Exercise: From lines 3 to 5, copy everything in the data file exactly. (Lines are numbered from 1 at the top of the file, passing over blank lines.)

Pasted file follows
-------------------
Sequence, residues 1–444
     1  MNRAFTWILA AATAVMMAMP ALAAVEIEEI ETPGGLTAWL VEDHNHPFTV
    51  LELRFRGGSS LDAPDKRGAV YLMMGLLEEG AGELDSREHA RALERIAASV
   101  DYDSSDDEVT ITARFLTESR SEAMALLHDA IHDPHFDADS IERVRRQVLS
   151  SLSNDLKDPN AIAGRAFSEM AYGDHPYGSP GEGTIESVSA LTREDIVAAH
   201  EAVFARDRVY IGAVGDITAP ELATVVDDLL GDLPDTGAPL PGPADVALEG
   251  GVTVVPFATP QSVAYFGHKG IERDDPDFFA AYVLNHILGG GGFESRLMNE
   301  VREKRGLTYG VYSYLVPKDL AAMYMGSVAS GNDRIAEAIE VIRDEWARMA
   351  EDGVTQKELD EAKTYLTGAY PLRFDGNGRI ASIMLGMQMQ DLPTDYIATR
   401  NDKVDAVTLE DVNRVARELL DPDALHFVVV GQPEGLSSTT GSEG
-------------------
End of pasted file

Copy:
    51  LELRFRGGSS LDAPDKRGAV YLMMGLLEEG AGELDSREHA RALERIAASV
   101  DYDSSDDEVT ITARFLTESR SEAMALLHDA IHDPHFDADS IERVRRQVLS
   151  SLSNDLKDPN AIAGRAFSEM AYGDHPYGSP GEGTIESVSA LTREDIVAAH